My first time

My father taught me to write
in books
Ones full of words, throbbing with ideas

One day I picked up a book
of his, it smelled like a good memory
I opened to a random chapter
my eyes saw a square bracket
herding a phrase together

I went to ask my father
about the marks he had made.
– Once you wade into a river,
you must remember where
you cast your line.

I ran those words over in my head.
Like an old coin you weave
through your fingers, the
rhythm of the unconscious.

I was reluctant to carve up
this soul I spent money on.

My first attempt was in pencil.
A book of poetry I left at
a girlfriend’s house.

I went back to the store to buy
my own copy. It still looked the
same as the last one, unwanted
memories crawling out of its spine.

I wrote in the book
like a draft of my own.
My pencil skated through pages,
my head engorged in the words.
I couldn’t wipe off the excitement.

Months later, I told my father about
this book I had devoured.
He picked it up, pencil marks
leaping at him like headlines.

– Someone has studied this.
He said.
– Oh, that was me.
I muttered.
– That’s interesting.

A smile rippled through him.
For a second I could see
pride splash in his eyes,
a curious carp coming to the surface.



Canadian nuances

Canadian nuances – Part 7: The grizzly arrival

I remember tossing and turning the night before I left Vancouver. The morning I left was a mixture of brew great coffee/pound down some Ritalin/panic slightly/jump on the bag until the zip merges.

Bad weather circles these big changes. Much like the ripple a fish makes. Will your reward be a fierce archetypal mammoth that exhausts you…or will it be an overgrown flea  – an inflated ending – that brews inside the heart of moody clouds? I digress…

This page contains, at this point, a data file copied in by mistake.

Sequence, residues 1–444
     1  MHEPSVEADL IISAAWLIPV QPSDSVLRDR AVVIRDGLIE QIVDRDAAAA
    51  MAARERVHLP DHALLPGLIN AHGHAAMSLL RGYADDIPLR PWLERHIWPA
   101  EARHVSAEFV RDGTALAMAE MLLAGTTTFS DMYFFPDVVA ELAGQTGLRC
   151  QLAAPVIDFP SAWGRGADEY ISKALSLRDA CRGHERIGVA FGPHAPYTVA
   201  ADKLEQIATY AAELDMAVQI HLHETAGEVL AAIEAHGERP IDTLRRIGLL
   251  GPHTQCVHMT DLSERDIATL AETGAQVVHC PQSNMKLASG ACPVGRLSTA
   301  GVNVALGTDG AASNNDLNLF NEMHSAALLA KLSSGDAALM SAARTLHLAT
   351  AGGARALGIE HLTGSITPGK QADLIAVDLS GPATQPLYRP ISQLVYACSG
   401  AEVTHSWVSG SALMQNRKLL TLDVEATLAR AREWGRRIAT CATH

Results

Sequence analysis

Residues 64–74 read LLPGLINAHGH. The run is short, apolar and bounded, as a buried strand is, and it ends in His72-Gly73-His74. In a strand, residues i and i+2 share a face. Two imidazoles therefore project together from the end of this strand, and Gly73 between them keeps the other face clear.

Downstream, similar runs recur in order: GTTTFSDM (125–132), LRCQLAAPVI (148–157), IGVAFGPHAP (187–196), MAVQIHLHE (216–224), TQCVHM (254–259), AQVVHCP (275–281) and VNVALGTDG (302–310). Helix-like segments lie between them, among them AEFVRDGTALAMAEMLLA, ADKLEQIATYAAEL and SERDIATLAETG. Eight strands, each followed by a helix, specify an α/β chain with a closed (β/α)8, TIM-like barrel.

I left in the rain. I paid a cab, and slowly inched towards the yellow submarine. Coffee thundered in my chest, bees and butterflies bounced inside my head like giddy popcorn struggling to get comfortable. I remember driving down Main street. It was 5:30am. The sun was asleep along with the sensible. I watched the rain give the street an unconscious hue.

This was a street I wouldn’t see for a long time. I worked on this street. I cried in the rain. Found friends. Caught snatches of banter. Felt the golden face of the old clock watch over me…an invisible parent on a drunken night. Now I couldn’t mourn for this street or myself. It seemed very far away behind the taxi window, stained with rain.

I arrived at the bus station. I stood in line. I glanced nervously at strangers hoping their story mattered as much as my own. I was leaving home after a frantic week of planning, rhythmic drinking and watered down goodbyes. The anxiety made me drunk. I wasn’t falling over…just everything was in a haze at the station. Conversations flickered past without a glance.

I weighed my bags, paid the extra cash, dragged the dead weight to bus 19. Cabins of steel lined up, perhaps they were saluting me? I think I saw at least two throw a palm over their face muttering “didn’t someone tell this dude to pack less?”